The groundbreaking French composer and conductor Pierre Boulez passed away on Tuesday at his home in Baden-Baden, Germany. He was 90.
Coming of age in post-war Europe, Boulez embraced a modernist zeitgeist which turned its back on the past to imagine new sounds and musical structures. Obsessed with controlled, rational order, Boulez pushed the twelve-tone techniques of Arnold Schoenberg and Anton Webern to their limits, developing a “total serialism.” (In twelve-tone or serial music all harmonic relationships between pitches are erased). He also played a key role in the development of controlled chance and electronic music.
Boulez developed a reputation as an enfant terrible with provocative statements such as, “All art of the past must be destroyed.” Perhaps his closest aesthetic counterpart in the architecture world was Le Corbusier, whose “vision for Paris” involved demolishing most of the city and replacing it with tall, identical “towers in a park.” Alex Ross called Boulez “the last remaining titan of the postwar avant-garde.”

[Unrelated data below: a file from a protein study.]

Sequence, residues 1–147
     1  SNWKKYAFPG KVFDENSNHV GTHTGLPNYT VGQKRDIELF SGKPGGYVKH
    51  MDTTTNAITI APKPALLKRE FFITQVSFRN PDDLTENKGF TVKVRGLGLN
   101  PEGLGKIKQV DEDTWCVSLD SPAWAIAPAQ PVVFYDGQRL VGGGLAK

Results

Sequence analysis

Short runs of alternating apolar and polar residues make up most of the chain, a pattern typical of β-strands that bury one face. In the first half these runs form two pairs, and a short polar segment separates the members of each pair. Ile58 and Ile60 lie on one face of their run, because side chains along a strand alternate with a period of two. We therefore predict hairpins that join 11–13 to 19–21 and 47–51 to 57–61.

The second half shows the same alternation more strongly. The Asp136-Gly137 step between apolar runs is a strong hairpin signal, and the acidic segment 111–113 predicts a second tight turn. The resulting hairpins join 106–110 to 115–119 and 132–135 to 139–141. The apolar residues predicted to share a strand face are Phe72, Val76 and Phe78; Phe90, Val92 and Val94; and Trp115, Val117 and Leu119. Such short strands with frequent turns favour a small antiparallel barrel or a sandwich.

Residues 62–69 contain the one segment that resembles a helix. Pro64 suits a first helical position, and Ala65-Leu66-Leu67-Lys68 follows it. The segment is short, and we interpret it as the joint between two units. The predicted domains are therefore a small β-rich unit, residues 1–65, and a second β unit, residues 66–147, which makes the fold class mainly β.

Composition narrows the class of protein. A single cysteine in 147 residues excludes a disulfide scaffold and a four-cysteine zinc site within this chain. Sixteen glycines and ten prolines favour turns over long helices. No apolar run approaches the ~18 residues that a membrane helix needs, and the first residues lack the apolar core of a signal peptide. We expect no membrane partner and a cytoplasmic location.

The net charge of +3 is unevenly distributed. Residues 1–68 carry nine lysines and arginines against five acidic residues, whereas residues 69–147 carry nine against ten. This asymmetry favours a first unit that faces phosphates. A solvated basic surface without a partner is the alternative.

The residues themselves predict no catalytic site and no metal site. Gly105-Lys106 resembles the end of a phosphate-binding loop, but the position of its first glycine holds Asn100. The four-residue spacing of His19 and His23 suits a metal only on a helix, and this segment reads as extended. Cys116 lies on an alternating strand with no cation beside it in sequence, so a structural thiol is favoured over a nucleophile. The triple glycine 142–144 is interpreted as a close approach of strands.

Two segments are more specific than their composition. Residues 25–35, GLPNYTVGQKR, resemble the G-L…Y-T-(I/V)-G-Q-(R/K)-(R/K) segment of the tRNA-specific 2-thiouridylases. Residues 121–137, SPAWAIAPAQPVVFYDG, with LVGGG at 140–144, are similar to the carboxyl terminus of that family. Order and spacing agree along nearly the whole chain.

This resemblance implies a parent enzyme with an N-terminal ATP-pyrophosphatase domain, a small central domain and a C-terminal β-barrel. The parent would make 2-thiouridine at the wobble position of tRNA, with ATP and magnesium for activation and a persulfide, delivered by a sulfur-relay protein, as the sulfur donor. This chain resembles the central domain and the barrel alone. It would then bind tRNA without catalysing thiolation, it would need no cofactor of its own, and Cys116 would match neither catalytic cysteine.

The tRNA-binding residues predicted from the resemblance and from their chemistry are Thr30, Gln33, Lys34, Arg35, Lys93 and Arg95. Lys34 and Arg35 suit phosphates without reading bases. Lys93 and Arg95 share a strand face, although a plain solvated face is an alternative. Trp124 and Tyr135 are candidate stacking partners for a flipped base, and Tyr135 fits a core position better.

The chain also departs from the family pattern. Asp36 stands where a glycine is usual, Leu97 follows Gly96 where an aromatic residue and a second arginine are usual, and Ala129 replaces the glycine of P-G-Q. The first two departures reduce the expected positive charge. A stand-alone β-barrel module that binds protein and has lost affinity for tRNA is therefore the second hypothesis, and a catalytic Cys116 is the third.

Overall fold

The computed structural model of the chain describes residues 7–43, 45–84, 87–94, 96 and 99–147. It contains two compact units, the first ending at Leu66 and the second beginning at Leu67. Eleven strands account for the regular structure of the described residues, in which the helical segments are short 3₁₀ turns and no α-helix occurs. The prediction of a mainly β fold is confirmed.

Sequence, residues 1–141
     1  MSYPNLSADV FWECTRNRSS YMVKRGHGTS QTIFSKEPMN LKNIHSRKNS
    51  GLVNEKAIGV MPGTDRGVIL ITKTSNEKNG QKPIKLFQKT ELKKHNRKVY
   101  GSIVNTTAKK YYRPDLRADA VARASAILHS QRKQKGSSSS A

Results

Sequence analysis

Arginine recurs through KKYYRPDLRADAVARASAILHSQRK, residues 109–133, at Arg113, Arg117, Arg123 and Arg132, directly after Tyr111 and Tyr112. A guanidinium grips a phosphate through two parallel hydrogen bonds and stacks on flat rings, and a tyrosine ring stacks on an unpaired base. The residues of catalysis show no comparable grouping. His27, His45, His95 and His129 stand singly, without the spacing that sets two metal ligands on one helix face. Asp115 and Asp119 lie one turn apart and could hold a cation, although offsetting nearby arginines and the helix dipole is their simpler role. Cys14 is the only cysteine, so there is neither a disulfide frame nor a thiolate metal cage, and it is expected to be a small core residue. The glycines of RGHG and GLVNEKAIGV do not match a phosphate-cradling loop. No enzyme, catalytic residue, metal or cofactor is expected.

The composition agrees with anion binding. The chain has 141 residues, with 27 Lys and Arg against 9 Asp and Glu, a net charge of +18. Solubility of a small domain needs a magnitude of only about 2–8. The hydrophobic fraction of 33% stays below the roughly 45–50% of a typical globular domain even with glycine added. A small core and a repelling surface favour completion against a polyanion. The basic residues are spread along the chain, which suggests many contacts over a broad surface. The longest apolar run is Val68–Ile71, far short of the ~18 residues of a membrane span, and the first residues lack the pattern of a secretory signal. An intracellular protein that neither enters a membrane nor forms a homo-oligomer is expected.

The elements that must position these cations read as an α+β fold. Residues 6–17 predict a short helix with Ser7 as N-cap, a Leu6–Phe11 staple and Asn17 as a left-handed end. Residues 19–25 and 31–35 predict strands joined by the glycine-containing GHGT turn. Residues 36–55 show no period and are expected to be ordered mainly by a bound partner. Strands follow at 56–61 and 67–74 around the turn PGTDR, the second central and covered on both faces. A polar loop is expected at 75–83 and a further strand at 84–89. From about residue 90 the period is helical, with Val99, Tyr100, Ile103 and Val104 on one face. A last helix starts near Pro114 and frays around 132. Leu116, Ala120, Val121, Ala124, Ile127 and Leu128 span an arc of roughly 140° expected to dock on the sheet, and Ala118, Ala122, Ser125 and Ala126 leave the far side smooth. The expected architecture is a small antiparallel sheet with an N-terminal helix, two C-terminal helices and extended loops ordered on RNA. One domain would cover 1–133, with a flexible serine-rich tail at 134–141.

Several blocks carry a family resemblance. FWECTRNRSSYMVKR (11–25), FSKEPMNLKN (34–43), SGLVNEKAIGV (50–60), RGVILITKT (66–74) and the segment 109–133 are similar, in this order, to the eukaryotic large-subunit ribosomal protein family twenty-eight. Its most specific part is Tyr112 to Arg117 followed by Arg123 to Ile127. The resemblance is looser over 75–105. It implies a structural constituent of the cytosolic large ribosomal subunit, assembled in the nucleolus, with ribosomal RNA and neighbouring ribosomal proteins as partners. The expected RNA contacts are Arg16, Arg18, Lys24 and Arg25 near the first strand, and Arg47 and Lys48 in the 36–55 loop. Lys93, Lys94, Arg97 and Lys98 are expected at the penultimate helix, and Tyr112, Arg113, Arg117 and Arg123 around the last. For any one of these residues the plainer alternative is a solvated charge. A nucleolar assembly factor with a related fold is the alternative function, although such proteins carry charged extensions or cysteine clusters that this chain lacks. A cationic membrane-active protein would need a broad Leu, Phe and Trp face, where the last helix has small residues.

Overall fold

To the casual listener, Boulez’ music may sound like random sounds. But it is actually highly ordered in terms of pitch and rhythm. Structures (1955) was one of his early works. Anthèmes 2, for violin and electronics was written in 1997.
Boulez the Conductor
Pierre Boulez was music director of the New York Philharmonic between 1971 and 1977, succeeding Leonard Bernstein. In contrast to Bernstein, his style was cool and cerebral. His interpretations of Mahler, among other repertoire, were extraordinary. Boulez’ 1999 Deutsche Grammophon recording of Mahler’s First Symphony with the Chicago Symphony Orchestra remains one of my favorites: